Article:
Guerrilla style: Pitt grad student uses cell phone to track speeds on Forbes Ave in Oakland

MattBaumanForbesmovieclip

Approximately half of motorists caught traveling above speed limit

Death and loss can inspire a range of reactions: anger, sadness, questioning, and, sometimes, a commitment to bringing about a change.

On his daily bike ride to and from Oakland, Bloomfield resident, Matt Bauman experienced a nagging concern about his safety along Forbes Avenue. But after Susan Hicks was struck and killed by a car while riding her bicycle on Forbes Avenue in late October, that feeling of concern was replaced by a sense of urgent need.

Without access to a radar gun or other sophisticated tools, Matt improvised. He trudged to the top of the Cathedral of Learning on Pitt’s campus and recorded 10 minutes of traffic on Forbes Avenue (at 3:15 on a Friday afternoon) on his cell phone. Using just the cell phone video, his computer, and open source software he was able to track the speeds of cars along Forbes Avenue.

MattBaumanspeedsForbesclip

(Full video.)

From there he was able to isolate the max speeds of the vehicles.
MattBaumanForbesmax_speedsgraph

In just those 10 minutes, here are the maximum instantaneous speeds Matt saw:

Cars over 40mph: 2
Cars between 35-40mph: 12
Cars between 30-35mph: 49

So what’s the speed limit on Forbes Ave, you ask? 25 miles per hour. And here’s why: we live in a city and people are (expected to be) all over the damn place. Oakland is Pennsylvania’s third largest economic center (after Center City Philadelphia and Downtown Pittsburgh) and one of Pittsburgh’s most vibrant, bustling neighborhoods. Within just a 1 mile stretch, Forbes Ave carves through the center of both Pitt and Carnegie Mellon’s campuses.

When cars are traveling at or attempting to reach speeds above 25 miles per hour they are much more likely to hit and kill pedestrians and bicyclists.

pedestrian survival rate

While we’re highly aware that more video should be shot and more data gathered this isn’t a statistically significant amount of information (edit: see comment by sgr below re: statistical significance of data), it’s a bit of proof of motorists speeding along Forbes that’s been gathered in an impressively scrappy way.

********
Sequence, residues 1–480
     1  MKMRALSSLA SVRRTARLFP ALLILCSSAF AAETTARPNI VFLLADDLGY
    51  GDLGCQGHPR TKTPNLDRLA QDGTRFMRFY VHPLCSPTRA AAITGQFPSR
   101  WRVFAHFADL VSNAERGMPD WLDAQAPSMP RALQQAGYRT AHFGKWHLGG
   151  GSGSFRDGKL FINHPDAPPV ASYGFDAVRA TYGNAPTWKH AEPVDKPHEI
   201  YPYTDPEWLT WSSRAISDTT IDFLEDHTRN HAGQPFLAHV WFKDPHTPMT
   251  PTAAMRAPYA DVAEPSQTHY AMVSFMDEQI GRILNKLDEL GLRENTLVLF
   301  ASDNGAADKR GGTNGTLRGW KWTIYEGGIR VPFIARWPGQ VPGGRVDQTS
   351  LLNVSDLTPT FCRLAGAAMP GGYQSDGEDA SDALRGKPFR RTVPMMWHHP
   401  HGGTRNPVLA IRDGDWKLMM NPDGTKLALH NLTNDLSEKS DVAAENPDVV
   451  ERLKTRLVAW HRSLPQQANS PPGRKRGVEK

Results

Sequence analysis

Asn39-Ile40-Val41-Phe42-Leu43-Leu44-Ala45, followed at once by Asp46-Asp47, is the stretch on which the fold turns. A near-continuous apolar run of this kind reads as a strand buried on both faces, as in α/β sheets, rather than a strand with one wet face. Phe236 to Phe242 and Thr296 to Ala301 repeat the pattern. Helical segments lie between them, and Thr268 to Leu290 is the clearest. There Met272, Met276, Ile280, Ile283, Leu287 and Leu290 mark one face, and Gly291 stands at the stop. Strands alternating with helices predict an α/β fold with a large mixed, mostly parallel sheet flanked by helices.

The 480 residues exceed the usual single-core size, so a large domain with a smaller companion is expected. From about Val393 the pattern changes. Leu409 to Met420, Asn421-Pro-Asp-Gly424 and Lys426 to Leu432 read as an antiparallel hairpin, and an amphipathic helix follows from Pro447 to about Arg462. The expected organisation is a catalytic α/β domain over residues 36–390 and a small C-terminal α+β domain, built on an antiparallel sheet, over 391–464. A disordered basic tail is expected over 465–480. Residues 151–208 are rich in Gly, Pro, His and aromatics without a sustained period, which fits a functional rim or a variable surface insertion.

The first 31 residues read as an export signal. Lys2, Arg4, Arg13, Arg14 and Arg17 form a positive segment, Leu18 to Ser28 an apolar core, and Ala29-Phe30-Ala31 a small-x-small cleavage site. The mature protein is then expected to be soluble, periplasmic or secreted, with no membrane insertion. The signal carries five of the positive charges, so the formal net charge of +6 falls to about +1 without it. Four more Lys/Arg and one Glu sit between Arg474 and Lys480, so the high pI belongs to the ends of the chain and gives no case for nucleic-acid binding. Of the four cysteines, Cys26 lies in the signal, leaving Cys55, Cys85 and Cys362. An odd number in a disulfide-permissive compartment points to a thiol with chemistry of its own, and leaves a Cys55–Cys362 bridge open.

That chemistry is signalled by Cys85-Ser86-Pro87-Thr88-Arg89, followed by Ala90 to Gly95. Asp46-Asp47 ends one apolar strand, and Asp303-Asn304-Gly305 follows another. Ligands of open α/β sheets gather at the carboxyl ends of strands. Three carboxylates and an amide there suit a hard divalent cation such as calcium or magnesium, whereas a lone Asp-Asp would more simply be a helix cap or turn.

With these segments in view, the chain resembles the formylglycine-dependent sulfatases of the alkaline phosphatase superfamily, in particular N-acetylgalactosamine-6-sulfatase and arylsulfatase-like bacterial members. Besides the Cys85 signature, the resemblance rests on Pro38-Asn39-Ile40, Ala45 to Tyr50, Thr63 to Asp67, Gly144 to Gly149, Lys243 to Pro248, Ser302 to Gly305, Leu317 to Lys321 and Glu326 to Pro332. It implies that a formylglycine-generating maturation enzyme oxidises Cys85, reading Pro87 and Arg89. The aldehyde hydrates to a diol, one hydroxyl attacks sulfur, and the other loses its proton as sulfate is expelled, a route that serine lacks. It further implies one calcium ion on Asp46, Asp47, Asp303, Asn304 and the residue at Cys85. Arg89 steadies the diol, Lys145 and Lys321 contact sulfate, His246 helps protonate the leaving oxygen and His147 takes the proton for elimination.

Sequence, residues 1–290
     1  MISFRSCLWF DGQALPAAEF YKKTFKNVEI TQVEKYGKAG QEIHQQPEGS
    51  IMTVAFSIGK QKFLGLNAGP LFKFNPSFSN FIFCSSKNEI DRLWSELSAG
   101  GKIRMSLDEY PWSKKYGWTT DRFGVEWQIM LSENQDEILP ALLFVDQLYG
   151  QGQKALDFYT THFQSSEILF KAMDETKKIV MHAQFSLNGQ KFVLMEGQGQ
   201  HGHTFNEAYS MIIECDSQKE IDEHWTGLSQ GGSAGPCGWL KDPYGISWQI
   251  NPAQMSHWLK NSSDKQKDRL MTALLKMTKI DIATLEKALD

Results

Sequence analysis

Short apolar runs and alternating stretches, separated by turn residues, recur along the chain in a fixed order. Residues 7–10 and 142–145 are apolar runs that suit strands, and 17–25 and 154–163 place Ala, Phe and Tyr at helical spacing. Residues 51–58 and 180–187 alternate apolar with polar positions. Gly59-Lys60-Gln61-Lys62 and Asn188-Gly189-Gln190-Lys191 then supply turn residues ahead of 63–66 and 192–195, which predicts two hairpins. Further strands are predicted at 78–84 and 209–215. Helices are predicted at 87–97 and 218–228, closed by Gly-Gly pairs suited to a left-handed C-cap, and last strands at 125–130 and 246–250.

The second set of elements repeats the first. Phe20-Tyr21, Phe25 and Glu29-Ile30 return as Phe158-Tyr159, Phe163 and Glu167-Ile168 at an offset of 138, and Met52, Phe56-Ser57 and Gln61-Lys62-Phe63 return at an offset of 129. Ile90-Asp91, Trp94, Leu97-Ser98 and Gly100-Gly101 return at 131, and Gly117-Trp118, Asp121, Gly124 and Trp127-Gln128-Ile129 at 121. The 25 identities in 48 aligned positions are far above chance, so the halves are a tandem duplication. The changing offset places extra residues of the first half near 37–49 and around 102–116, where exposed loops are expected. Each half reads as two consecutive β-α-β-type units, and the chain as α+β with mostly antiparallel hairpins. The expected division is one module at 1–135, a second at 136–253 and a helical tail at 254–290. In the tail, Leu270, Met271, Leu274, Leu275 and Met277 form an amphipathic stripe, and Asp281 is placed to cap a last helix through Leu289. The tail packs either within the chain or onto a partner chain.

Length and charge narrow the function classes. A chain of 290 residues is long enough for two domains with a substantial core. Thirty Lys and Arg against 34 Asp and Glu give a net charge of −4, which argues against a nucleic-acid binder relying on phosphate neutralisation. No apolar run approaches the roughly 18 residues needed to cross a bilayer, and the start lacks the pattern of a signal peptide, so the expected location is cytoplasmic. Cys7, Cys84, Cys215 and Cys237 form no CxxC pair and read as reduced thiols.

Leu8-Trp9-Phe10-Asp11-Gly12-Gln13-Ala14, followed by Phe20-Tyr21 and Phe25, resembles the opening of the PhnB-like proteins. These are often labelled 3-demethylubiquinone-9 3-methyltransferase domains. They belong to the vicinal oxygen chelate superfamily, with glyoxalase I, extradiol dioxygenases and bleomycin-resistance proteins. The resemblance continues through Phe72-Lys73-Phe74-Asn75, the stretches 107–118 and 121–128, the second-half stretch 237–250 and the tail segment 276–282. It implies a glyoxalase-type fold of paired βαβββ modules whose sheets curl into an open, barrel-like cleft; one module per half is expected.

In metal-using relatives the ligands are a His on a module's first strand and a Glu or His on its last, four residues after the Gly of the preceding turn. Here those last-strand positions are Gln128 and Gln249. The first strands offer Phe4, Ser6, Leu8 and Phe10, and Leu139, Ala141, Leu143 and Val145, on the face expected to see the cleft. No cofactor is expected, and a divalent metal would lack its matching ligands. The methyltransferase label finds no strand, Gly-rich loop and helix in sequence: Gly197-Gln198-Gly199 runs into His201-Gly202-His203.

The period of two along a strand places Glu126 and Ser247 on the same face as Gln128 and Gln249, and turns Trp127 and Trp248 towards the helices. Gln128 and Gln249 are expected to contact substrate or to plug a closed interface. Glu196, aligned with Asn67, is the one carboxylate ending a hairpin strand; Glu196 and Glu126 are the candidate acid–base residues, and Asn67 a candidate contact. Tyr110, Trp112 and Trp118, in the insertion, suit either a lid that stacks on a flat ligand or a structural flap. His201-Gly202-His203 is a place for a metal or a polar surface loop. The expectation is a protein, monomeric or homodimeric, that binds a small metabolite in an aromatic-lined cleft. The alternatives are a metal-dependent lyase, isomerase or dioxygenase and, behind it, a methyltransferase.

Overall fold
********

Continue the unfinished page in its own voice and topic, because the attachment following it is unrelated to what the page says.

We will be working with Matt to gather more data in the coming weeks and will release it soon.

For more information about Matt, his methodology, and the change he hopes to see in in Oakland, read our short Q&A with this clever guy.

MattBaumanForbesSpeedPittStudent

Matt Bauman is a PhD candidate in bioengineering at Pitt. ( i.e <—This isn’t even his field y’all.)

1. What prompted you to engage in this data collection?
I have bike commuted into Oakland all 5 years that I’ve lived in Pittsburgh and have often felt cars traveled too quickly given road conditions. Forbes has been a part of my commute for all of these years and so after Susan’s death I knew I wanted to help push for safer facilities. I got frustrated by the seeming pushback from Pitt and city officials on what they can do. They kept saying that their funding and ability to improve safety in the corridor was tied into BRT and was 1-2 years away at the earliest.

I felt that it was possible to slow speeds on Forbes Avenue now and knew that there have been conversations about calming traffic. But I had never seen proof that people were speeding, so I decided to investigate.

2. What was your methodology?
I don’t have a radar gun, but I thought that by taking a video of the street I’d be able to see cars and track how fast they were going.

I went to the top of the cathedral and propped up my phone and recorded 10 minutes of video of Forbes Avenue. I then did some basic processing to identify cars and each lane and then attach speeds.